NRA, Patriot Law author join ACLU suit against NSA

Sept. 5, 2013 at 4:29 PM
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WASHINGTON, Sept. 5 (UPI) -- The National Rifle Association joined the American Civil Liberties Union's lawsuit seeking to end the U.S. government's massive phone record collection program.

In a brief filed in federal court, the NRA said the National Security Agency database of phone records is tantamount to a "national gun registry," The Hill reported Wednesday.

"It would be absurd to think that the Congress would adopt and maintain a web of statutes intended to protect against the creation of a national gun registry, while simultaneously authorizing the FBI and the NSA to gather records that could effectively create just such a registry," the gun lobbying group said.

The ACLU suit, filed in June with U.S. District Court for the Southern District of New York, asks the court to immediately halt the NSA's monitoring program and declare it illegal, as well as order the government to delete all databases of the call records.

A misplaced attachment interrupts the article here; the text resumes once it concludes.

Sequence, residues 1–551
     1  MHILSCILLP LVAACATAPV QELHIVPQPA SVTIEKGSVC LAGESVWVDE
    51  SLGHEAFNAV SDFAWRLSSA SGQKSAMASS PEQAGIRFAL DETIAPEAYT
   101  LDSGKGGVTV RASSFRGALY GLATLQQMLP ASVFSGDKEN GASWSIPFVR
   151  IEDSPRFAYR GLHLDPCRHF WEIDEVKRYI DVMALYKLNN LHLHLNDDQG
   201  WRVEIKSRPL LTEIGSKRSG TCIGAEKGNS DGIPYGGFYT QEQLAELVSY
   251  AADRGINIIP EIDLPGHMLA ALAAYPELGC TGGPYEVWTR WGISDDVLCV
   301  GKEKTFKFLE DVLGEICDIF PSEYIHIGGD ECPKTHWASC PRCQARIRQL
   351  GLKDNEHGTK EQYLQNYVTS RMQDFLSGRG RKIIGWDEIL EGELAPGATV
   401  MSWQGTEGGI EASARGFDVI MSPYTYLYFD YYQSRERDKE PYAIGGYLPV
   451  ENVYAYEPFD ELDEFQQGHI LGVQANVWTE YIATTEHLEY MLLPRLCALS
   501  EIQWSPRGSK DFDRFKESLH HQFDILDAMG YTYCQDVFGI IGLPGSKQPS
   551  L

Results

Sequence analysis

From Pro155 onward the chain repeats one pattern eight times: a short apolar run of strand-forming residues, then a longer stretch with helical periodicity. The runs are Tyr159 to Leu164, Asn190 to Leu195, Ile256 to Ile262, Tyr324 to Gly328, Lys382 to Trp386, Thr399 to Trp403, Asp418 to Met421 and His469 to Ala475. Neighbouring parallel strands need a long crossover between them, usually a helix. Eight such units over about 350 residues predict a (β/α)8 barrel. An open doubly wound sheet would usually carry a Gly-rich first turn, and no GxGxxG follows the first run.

In its filing, the NRA said the NSA database could allow the government to identify and track gun owners based on whether they've called gun stores, shooting ranges or the NRA. The NRA brief said the program violates its members' First Amendment rights of free association and communication.

Also filing a friend-of-the-court brief was Rep. Jim Sensenbrenner, R-Wis., author of the Patriot Act, who previously said he never meant the NSA to go as far as it did, the ACLU said in a release Thursday. Sensenbrenner has criticized the call-records program as beyond the scope of the law he authored.

The ACLU said it received support last week from 30 law professors and two former members of the Church Committee -- a U.S. Senate committee in the 1970s that, among other things, recommended the Foreign Intelligence Surveillance Act and Foreign Intelligence Surveillance Court.

Also joining the ACLU lawsuit Wednesday were the Reporters Committee for Freedom of the Press, along with several news organizations. The groups claim the phone data collection inhibits the ability of journalists in news-gathering efforts.

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